on Alexander Herzen

AleksanderHerzen-by-Nikolai-Ge-1867André van Loon at The Berlin Review of Books:

It is difficult to write about Alexander Herzen (1812-1870). Just when you think you’ve got the right idea about him, a central insight, he turns away. One can hardly say the simplest thing about him: he was a Russian aristocratic philosopher, but born a landowner’s illegitimate son who polemicised against Tsarism; an early revolutionary, he cautioned against going too fast, lest Russian society broke under the strain; hailed for denouncing official misrule, ultimately he was scorned by both the Romantic dissenters of the 1840s and the nihilists of the 1860s; once as famous as Fyodor Dostoevsky and Lev Tolstoy, he died in relative obscurity; patient, even unrealistic about people’s real intentions, he could be a bitter critic who engaged in long-running feuds; an attentive and loving family man, he committed adultery and was distraught when his wife fell in love with a minor German poet; trained in the natural sciences at Moscow University, he went on to write philosophy, political essays, socialist polemics, history, fiction and a monumental memoir.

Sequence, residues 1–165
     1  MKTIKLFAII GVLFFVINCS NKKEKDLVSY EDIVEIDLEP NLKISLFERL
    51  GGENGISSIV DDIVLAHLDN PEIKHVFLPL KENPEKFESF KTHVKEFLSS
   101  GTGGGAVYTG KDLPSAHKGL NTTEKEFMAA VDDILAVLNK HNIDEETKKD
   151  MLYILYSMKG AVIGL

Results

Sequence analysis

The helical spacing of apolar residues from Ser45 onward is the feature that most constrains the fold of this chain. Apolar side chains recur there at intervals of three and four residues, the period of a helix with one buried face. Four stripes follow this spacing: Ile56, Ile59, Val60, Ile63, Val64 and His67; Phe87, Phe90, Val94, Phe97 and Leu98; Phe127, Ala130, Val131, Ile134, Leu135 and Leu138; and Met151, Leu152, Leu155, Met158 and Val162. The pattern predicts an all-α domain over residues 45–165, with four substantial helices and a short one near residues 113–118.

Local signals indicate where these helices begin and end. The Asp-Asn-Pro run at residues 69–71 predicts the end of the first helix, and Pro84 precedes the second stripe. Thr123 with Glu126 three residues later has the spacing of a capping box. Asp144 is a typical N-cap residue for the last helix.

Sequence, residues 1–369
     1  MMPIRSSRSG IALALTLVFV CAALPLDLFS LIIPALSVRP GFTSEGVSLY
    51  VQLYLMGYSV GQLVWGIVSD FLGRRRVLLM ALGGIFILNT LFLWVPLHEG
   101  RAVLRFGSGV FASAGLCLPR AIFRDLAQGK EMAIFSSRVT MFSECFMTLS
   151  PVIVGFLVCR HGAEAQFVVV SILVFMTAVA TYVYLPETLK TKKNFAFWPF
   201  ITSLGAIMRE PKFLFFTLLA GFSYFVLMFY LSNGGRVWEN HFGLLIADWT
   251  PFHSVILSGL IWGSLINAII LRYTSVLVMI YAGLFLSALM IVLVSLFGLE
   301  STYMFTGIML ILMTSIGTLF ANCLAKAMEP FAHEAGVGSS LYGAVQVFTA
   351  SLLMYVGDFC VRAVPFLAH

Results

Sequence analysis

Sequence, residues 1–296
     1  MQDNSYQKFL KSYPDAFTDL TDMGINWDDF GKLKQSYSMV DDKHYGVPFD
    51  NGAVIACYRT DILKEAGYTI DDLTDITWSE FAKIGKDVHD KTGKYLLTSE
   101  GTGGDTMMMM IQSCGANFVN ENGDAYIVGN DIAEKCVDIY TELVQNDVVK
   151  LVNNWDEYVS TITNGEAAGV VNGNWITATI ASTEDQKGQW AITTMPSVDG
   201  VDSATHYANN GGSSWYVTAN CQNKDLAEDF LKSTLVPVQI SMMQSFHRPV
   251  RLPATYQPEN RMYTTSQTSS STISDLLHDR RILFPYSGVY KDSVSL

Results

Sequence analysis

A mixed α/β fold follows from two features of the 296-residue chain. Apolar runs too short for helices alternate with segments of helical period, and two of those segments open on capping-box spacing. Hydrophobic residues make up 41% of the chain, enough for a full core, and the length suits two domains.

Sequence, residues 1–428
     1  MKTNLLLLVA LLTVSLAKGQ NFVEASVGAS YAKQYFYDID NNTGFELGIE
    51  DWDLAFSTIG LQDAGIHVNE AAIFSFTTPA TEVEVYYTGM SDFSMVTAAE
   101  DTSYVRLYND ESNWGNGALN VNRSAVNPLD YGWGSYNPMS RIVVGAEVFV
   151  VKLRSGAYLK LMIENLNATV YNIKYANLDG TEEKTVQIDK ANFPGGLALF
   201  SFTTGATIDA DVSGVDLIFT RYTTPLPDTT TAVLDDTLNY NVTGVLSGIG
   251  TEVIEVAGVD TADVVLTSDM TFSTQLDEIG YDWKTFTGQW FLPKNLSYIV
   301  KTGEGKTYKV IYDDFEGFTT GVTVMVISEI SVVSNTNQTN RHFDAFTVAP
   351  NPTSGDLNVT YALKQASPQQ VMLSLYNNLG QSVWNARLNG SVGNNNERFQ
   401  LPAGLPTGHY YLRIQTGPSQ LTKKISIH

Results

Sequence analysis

Herzen left no central body of doctrine after his death, was adopted by figures as different as Lenin and Isaiah Berlin, and continues to generate various interpretations about his ‘real’ significance.

One can say one thing with certainty, however: to read Herzen is to get involved in ‘those damned questions’, as Dostoevsky called them. How should we live? Where does human responsibility end and fate, or God, or evil begin? What is freedom – is it a supreme virtue or a crime? Is Utopia attainable or even desirable? Is a ‘better’ society valuable to the present, or a nasty dream, used to deceive today’s freethinkers?

more here.